Blue Bell: Updated


Kennedy Jackson, Commentary editor

Blue Bell Creameries is the fourth highest-selling ice cream brand in the United States as a whole and the second largest manufacturer of ice cream in the United States, available in 23 states.

In 2015, Blue Bell Ice cream was reported to have a listeria outbreak. Listeriosis is a life-threatening infection caused by eating food contaminated with the bacterium (germ) Listeria monocytogenes (Listeria), mostly affecting pregnant women and their newborns, adults over 65 years of age, and people with weakened immune systems.

Based on information gathered, it was reported that particles at the plant may have carried listeria and washed into the building’s drainage system, gone through the room’s drain and settled on the clean equipment, infecting the ice cream with listeria. Because of this outbreak, Blue Bell recalled eight million gallons of the dessert and ceased production, and  was accused of manufacturing ice cream products in unsanitary conditions. 

Through further investigation, the FDA found that the company failed to follow standard practices to prevent contamination, that they repeatedly found listeria in their Broken Arrow facility two years prior to the 2015 outbreak, and that their main production machine in their Brenham, TX facility was contaminated with listeria as well.

On May 1 2020, Blue Bell Creameries pleaded guilty to two misdemeanor counts of distributing adulterated ice cream products and paid a criminal fine and forfeiture amount totaling $17.25 million. In addition to that Blue Bell also agreed to pay an additional $2.1 million to resolve civil False Claims Act allegations regarding ice cream products manufactured under insanitary conditions and sold to federal facilities. The total $19.35 million in fine, forfeiture, and civil settlement payments constitutes the second largest-ever amount paid in resolution of a food-safety matter. Furthermore, the company’s former president, Paul Kruse, was charged with being connected to the attempted cover up of the unsanitary working conditions of the factory and was charged with seven felony counts related to his alleged efforts to conceal what the company knew about the listeria contamination.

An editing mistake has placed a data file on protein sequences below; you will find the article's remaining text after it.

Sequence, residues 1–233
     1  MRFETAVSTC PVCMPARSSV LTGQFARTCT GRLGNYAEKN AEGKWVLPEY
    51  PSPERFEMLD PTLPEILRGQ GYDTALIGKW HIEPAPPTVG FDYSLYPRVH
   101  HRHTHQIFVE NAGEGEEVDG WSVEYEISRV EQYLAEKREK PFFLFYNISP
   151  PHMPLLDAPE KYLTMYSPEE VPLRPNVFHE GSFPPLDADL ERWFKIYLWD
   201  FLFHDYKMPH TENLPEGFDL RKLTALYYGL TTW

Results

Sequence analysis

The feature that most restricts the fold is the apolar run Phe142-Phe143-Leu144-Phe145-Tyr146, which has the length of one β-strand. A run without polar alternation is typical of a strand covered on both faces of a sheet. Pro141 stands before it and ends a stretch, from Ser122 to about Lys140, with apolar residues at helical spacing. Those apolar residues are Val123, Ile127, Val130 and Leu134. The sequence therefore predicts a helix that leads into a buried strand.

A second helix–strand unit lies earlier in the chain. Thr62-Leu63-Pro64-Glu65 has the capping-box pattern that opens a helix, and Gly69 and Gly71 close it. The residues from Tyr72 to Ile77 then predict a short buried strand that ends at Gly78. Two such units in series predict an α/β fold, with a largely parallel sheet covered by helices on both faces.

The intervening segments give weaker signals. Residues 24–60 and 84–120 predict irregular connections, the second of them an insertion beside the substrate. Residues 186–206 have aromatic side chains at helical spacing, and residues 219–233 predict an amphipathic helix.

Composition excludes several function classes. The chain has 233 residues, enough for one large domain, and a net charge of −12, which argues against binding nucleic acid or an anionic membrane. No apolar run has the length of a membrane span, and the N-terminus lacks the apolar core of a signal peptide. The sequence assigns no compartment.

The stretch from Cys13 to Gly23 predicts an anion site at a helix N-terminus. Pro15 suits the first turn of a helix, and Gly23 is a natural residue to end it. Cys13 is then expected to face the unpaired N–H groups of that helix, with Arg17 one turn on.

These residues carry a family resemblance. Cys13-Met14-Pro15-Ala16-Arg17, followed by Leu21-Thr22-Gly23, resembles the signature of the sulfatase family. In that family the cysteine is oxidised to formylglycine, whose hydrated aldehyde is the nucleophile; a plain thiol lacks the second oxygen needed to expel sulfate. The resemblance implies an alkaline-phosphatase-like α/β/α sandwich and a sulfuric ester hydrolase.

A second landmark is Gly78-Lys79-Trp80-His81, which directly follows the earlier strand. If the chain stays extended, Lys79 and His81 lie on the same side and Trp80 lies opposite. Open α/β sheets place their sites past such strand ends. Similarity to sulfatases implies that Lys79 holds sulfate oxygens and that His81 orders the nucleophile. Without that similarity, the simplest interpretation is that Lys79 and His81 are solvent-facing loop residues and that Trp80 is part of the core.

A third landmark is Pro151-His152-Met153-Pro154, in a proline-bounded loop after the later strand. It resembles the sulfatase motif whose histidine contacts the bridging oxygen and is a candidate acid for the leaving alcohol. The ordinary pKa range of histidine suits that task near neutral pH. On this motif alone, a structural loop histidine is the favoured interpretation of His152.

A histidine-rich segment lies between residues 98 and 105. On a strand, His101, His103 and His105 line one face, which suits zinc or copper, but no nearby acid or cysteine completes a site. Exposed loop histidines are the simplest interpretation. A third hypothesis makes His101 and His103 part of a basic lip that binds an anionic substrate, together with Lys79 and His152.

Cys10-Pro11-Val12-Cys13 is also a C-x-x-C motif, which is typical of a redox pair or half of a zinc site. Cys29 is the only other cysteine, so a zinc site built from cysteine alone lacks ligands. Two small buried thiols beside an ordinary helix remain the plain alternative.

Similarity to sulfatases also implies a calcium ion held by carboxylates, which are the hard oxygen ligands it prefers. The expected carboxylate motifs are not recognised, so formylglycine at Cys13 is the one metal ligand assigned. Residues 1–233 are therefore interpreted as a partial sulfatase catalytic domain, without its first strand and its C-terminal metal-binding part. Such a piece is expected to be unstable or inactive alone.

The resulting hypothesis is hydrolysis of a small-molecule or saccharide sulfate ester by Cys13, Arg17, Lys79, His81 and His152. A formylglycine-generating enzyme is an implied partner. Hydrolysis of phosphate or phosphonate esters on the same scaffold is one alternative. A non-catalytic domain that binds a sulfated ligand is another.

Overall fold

“American consumers rely on food manufacturers to take necessary steps to provide products that are safe to eat,” said Assistant Attorney General Jody Hunt of the Department of Justice’s Civil Division. “The Department of Justice will take appropriate action where food manufacturers ignore poor factory conditions or fail to abide by required recall procedures when problems are discovered.”